Last week you heard of the inundation of snow at Casey, well this week it’s finally stopped and we have for the first time, in what seems weeks, seen the night sky. And what a night sky! A bright green aurora shimmering and writhing like a snake just above the distant horizon sending up pillars of light and tempting all expeditioners out into the cold to try and capture that perfect photo. I’ve heard that aurorae at Casey aren’t as spectacular as at other stations, but they seem pretty good to me. Judge for yourself, I think George should be pretty happy with his shot.
The clearing of the night sky has bought with it other magnificent sights… the Milky Way and stars so big and bright you could almost reach out and touch them. Trying to recognise those constellations we know so well from our home skies is an interesting task, until the cold sends us scurrying back inside.
But, enough of the pontificating on the beauty of this place; what have we been up to?
Well, the Red Shed project is moving along at a swift pace. The new bar doesn’t seem too far off (plans are that it will be open for our midwinter celebrations which are only five weeks away) and we now have a floor where once there was an atrium over the wallow. The balustrade around and down the stairs has made a noisy and smelly appearance this week (thanks to welder Al who loves to make a noise, and make smells). And, although not as visible, Scotty T and Ben are making great inroads into the electrical and plumbing works.
The maintenance and mechanical teams just get on and do their never-ending list of tasks, fixin’ things and undertaking preventative maintenance.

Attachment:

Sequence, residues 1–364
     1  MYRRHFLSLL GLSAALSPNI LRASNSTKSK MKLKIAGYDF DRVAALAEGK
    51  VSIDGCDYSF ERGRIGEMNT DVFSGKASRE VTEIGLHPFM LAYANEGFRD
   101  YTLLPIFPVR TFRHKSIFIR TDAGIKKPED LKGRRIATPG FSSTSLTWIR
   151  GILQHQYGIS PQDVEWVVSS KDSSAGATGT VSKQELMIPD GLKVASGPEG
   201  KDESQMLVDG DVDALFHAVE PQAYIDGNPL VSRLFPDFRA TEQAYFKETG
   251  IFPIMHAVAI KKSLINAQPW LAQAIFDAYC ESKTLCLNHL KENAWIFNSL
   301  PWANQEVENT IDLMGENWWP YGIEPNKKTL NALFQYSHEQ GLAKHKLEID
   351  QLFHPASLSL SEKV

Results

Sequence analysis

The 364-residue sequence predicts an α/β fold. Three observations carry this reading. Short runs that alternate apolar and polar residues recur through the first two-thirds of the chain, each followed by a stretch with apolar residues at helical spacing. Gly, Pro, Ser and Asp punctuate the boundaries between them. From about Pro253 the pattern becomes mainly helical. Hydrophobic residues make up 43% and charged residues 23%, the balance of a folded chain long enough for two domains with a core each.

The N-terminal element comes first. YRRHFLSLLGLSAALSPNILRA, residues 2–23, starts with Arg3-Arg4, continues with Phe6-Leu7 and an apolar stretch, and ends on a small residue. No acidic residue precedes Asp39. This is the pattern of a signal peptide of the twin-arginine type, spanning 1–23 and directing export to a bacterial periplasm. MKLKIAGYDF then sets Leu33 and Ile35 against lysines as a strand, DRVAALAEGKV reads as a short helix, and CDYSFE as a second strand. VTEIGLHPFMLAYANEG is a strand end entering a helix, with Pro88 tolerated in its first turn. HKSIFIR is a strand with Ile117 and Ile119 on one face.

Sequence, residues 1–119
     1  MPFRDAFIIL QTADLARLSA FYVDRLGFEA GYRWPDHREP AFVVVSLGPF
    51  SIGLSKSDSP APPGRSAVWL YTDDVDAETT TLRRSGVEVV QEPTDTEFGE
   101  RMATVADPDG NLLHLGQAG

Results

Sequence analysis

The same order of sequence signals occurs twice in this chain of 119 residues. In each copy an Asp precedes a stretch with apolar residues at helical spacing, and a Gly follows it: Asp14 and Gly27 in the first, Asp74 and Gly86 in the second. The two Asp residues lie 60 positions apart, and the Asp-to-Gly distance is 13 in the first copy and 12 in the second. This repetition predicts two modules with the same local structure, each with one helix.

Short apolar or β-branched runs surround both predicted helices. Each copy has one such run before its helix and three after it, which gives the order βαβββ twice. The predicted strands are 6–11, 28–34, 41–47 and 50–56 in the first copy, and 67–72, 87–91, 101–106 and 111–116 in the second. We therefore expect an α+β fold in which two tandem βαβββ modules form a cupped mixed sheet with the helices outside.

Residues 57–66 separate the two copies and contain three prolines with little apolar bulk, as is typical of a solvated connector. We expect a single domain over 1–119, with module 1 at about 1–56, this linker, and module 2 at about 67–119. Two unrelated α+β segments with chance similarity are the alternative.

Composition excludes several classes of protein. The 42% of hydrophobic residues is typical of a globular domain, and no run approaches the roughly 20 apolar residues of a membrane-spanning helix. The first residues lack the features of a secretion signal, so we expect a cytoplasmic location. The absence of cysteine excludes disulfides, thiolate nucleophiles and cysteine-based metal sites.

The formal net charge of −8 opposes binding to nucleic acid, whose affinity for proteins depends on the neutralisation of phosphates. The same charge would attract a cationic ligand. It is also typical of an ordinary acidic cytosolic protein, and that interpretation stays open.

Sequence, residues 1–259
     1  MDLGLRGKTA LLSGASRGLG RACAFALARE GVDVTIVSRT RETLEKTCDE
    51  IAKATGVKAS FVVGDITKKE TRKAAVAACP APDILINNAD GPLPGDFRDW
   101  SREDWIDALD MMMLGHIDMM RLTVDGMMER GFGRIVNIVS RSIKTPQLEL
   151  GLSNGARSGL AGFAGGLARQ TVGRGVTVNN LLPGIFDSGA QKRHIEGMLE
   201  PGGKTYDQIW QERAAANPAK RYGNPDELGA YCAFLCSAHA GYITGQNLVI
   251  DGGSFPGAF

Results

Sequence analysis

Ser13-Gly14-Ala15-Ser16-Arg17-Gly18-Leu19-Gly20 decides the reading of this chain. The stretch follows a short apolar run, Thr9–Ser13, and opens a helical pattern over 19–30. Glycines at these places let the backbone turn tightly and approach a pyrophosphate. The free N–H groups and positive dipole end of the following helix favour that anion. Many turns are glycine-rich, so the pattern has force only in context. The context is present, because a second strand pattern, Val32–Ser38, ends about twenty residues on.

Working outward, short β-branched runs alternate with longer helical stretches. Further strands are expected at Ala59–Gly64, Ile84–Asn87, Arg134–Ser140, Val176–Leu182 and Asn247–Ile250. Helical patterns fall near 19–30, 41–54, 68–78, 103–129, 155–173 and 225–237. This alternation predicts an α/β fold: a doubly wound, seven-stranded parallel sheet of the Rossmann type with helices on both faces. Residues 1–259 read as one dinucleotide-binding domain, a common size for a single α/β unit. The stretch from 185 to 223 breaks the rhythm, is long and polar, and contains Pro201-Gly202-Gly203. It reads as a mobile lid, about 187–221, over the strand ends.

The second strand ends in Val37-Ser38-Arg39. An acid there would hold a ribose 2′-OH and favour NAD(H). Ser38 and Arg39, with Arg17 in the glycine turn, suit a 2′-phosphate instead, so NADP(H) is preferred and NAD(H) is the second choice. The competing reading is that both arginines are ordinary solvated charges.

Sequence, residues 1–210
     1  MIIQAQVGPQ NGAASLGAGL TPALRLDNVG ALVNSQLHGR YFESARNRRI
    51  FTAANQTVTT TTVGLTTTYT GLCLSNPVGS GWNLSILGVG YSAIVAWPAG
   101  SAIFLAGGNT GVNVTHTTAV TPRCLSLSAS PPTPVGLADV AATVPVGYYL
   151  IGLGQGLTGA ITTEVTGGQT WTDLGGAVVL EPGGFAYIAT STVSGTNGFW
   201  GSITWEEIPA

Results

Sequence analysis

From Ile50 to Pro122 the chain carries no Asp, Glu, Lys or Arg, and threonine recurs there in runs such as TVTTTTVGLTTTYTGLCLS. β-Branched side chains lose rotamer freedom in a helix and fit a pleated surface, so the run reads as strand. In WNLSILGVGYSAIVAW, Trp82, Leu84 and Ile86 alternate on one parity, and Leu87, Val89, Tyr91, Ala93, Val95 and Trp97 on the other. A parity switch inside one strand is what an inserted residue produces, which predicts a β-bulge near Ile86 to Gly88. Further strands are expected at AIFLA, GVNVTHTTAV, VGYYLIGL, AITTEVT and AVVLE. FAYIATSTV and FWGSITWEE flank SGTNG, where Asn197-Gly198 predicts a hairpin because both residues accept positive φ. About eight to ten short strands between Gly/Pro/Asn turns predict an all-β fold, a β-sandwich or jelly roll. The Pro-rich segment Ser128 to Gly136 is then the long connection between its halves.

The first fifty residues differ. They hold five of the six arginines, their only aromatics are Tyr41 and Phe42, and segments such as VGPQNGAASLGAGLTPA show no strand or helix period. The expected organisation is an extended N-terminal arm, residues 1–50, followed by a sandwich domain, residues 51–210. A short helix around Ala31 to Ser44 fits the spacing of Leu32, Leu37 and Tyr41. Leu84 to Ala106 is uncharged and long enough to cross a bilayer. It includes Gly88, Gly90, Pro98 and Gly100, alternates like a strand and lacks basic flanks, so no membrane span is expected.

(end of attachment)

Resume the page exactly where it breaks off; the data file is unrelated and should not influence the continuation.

We’ve also been turning our hands to maintaining the routes out to the field huts, making sure the cane lines are in place to safely guide us home in a blizzard (or at least every few kilometres to give us the reassurance that we’re on the right path).
We continue our training too. As the sea-ice travel season opens this week, we’ve revised our sea ice procedures to ensure all our expeditions out on the ice will be as safe as possible. We’ve also been learning new search procedures; the sound and light search technique which will help us find someone lost in the dark (quite useful as our dark hours are now so much longer than our light). Look out for next week’s news to see how our night time practice of this technique goes.
With a slight improvement of the weather we’ve had field trips out to the Wilkes Hilton and to Jack’s Donga. One to cook pizza over the fire and the other with the hopes of getting some great photos of the night sky away from the big lights of the station.
And then, in our spare time. What to do to break the monotony, when you can’t just go to the movies, out to a restaurant, watch or play a footy or hockey game? Well, someone decided we should turn to murder! See Catz’ story below.
My heart-rate is only just returning to normal now!
Rebecca (Casey Station Leader)